Christopher Olszewski: Riding the Storm Out
On View: April 18 through May 25, 2018
UNCP Campus Lecture: Wednesday, March 28, 2018 1:30-2pm, Locklear Hall
UNCP Campus Demonstration: Wednesday, March 28, 2018 2pm-5pm, The UC law
The A.D. Gallery is pleased to present a solo exhibition of the work of artist Christopher Olszewski. On view in the gallery is a selection of recent paintings and large-scale installations from his ongoing automobile skins project. Olszewski is an active member of the Chippewa of Mnjikaning First Nation and developed his aesthetic from the creative visual language of the Northern Woodland people. His work is rooted in western Western painting traditions and the modernist/postmodernist philosophy of art, but focuses on his own cultural identity. Olszewski states, “I also have a fascination with the ancient Native American world and how it interacts with current times. My goal is to develop the Native American image beyond the “Souvenir Shop” and to depict actual people struggling with the encroachment of the dominant contemporary culture.”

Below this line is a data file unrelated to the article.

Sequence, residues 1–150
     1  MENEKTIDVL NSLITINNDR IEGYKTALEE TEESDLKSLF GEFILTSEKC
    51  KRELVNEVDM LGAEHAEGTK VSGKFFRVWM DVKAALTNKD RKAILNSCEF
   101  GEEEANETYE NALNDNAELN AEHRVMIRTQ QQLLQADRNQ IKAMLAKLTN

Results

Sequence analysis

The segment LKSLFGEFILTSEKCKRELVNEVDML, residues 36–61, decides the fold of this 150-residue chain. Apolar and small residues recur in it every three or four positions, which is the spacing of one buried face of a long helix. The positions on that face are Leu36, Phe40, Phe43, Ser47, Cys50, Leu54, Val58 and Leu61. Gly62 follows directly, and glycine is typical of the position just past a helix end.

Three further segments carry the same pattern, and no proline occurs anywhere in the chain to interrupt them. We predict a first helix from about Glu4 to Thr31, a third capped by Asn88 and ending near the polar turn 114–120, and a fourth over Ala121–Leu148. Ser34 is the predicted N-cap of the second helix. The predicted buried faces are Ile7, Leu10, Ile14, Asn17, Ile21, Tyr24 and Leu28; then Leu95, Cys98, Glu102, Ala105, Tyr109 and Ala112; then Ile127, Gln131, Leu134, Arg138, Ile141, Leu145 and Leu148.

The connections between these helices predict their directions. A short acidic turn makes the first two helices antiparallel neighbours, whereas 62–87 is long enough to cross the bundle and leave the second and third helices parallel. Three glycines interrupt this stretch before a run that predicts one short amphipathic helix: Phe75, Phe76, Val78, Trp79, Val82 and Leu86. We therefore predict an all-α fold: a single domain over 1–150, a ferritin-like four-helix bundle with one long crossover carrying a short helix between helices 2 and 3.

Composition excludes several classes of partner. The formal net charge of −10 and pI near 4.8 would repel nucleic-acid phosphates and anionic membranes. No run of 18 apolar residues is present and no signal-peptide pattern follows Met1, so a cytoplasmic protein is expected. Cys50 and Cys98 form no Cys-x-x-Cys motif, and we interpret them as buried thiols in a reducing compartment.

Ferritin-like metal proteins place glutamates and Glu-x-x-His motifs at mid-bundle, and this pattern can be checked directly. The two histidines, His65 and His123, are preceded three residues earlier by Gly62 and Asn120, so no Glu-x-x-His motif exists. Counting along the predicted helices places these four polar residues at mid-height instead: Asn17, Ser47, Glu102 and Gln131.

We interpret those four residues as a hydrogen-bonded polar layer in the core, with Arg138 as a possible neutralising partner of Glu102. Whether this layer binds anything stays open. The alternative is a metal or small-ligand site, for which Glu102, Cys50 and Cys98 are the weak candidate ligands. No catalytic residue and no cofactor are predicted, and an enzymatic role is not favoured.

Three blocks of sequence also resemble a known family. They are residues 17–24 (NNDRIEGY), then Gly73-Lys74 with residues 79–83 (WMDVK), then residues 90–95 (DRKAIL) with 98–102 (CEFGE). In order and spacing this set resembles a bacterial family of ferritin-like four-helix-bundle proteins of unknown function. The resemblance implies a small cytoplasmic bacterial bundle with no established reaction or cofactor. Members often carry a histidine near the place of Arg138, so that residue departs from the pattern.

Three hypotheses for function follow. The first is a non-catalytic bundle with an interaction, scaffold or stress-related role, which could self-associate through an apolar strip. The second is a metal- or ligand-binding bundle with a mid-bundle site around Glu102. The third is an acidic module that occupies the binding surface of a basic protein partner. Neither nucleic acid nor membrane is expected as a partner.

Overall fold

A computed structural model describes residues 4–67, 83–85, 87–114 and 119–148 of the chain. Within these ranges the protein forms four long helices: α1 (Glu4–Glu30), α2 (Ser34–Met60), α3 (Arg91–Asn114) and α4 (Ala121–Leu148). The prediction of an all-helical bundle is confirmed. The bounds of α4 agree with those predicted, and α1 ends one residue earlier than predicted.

Christopher Olszewski views himself as “a completely assimilated Native American” and his paintings, automobile skins, photography, sculptures, videos, graffiti, interactive installations, performance art and drawings as a philosophical inquiry and contemplation of this existence. His investigation of my cultural identity is based on superficial, mass mass-consumed imagery, and he draws connotations to of the disparate images of Native American stereotypes. Juxtaposing images of United States currency, automotive brands, and professional sports logos with images of Native Americans in ordinary settings develops a consciousness of a thriving culture beyond the caricature. Olszewski’ s paintings weave an intricate line between propaganda and advertising with an emphasis on the abuse of the words Freedom, Liberty, Power and Truth. In his work, he hope to convey a sense of Chippewa culture and history, Western education, mainstream American culture, delight and hardship, the light and the dark and, last but not least, harmony between the past and the present. Using the exaggerated expressiveness of cartooning and the stylistic rendering of graphic illustration, Olszewski’s creative process balances a zeitgeist of modern day anxiety with Native American ethos.